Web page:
Part one - Don Rehwaldt's Essay

Tue, 10/09/2007 - 11:06am
By: Don Rehwaldt

I wish to thank those of The Citizen newspapers for the opportunity to express some of my ideas to improve the life styles of ALL citizens of Tyrone. As many of Tyrone citizens already know, there are many issues separating the town. Foremost is the development that is being thrust upon us. This, seemingly, is without considering that a corresponding level of infrastructure has to be planned to support these visions; i.e. traffic congestion, citizen safety, etc.
Secondly, what can we do to protect the way of life that most citizens moved to Tyrone to achieve, both now and in the future? Paramount are the concerns about overcrowding and citizen safety. Additionally, decisions must be made to meld Tyrone into our surrounding area; i.e. Fayette County, Peachtree City and Fayetteville, and even Coweta County, our neighbor to the immediate west. As surrounding entities struggle to bring the best possible life experiences to their citizens, it is imperative that Tyrone become an active participant. Tyrone cannot be an island to itself! I have the time and desire to interact with our neighbors and represent Tyrone. It is to this end that I will work diligently and provide the best possible government based on the desires and economic well-being of our businesses and residents.
As The Citizen has agreed to provide a forum for all candidates for three consecutive weeks, I will use this space to address a portion of issues each week. This week, I will discuss the issue of what to do with the down-town area. Although well known that business development in the down-town area is desirable, lack of sewer in old Tyrone is a limiting factor. Tyrone has, as do most cities and towns, have the power of eminent domain. Mandating expensive sewer tie-in at each home or business, whether desired or not, seems unrealistic and unfair. Business people were asked about what business or businesses they would build in down-town Tyrone that would be viable enough to earn a living. Answers were sparse. Today, almost any business or service that a Tyrone citizen desires is available within a 15 minute drive or less. Further discussions concerning down-town are necessary.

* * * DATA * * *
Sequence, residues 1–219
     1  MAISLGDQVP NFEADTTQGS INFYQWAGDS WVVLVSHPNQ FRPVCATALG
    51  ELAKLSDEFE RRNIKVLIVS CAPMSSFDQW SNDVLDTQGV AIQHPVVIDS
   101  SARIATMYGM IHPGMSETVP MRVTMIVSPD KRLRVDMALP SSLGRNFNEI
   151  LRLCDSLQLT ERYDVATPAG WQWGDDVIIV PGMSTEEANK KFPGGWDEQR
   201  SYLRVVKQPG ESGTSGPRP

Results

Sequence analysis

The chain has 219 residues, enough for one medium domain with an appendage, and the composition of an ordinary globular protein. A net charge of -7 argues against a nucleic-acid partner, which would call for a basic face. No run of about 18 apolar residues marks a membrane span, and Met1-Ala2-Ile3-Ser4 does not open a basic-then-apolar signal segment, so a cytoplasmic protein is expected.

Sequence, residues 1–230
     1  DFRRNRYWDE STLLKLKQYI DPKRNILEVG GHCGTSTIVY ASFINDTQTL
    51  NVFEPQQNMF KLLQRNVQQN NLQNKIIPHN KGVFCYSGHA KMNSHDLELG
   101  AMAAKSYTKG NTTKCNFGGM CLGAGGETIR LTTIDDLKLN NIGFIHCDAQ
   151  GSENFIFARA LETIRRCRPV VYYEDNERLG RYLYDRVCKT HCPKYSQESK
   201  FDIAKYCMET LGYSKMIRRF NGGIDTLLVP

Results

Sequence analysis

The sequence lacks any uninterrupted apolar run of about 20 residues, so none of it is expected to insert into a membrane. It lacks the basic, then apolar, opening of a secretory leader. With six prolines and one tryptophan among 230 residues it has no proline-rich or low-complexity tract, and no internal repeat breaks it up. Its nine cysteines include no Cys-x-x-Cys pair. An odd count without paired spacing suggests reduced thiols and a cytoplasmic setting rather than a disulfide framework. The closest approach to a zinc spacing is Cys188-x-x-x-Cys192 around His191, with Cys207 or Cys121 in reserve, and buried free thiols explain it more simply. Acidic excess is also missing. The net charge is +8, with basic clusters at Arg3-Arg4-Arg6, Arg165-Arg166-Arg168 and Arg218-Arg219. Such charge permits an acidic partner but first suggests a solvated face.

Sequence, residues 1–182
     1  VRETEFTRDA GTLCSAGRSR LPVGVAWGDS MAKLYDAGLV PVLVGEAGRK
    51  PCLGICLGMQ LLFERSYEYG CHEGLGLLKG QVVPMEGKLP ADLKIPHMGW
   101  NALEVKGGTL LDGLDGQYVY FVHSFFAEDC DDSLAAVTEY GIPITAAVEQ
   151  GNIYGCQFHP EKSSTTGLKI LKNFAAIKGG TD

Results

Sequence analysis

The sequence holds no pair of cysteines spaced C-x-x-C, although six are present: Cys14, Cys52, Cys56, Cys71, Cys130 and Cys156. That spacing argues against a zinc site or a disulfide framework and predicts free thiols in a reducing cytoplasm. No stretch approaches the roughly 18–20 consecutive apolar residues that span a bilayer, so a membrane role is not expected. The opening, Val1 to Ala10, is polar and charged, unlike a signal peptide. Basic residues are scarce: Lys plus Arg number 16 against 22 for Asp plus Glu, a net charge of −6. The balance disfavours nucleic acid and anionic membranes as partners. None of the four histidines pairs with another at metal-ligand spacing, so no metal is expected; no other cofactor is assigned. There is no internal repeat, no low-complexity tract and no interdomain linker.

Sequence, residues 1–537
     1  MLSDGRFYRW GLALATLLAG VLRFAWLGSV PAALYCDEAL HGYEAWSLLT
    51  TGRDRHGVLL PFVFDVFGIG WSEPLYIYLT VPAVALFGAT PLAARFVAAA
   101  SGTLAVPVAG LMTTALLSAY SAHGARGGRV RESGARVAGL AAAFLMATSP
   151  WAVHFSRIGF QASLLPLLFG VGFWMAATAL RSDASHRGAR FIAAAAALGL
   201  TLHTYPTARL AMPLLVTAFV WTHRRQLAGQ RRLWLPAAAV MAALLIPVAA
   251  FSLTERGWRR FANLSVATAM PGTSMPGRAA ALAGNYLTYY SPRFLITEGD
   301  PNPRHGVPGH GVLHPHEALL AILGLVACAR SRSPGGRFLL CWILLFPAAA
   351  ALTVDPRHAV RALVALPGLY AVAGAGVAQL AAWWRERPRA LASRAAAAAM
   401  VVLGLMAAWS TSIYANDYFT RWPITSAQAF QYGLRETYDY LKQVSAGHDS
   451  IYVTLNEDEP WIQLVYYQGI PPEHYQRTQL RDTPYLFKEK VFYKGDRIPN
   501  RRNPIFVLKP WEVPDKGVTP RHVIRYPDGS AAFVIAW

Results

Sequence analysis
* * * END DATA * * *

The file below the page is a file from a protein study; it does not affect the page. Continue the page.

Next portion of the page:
Next week, I'll address our citizen's public safety and emergency plans, our parks and the need to review our current ordinances and charter to bring these items into readable, easily updated documents.

Don Rehwaldt

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Submitted by TyroneConfidential on Wed, 10/10/2007 - 12:20pm.

Thank you for recognizing that more study regarding downtown development is needed, and that business owners as well as residents should be involved. The first thing is that a small committee is not equipped to make decisions for business property owners. This is the old way that's left people out and caused so much trouble. Second, a government appointed committee cannot decide what business they want. This is socialism which Russia proved doesn't work. In a capitalistic economy, the market decides the business needs. Small retail shops for the whole of downtown will never be financially successful. This is the fallacy of the current plan. A few shops will be successful, but the main businesses will be everyday. Service businesses. Just look at the list of deleted land uses in 1997 and 2004 ordinances and then you will know. Deleted businesses like auto service & repair, lawn mower & other repair shops, furniture upholstery, etc. These type of services are the market in Tyrone and the customers they bring in help support the small retail shops. Take it from someone who knows first hand. These service businesses gross 5-6 times what small retail shops make. The average life-span of small new retail businesses in Tyrone is 1-2 years. With Tyrone's strict architectural and building regulations, imagine the cost to build new buildings and the increased rent businesses would have to pay. Successful business is market driven not governmental decision making. The government can help by providing tax and other incentives to cut business costs and stop turning good business away. Start by repealing ordinances 341 & 454. Guess what? There's a doctor negotiating as I write to buy a building in downtown. He doesn't yet know that doctors are not allowed. How unknowledgeable our government has been!

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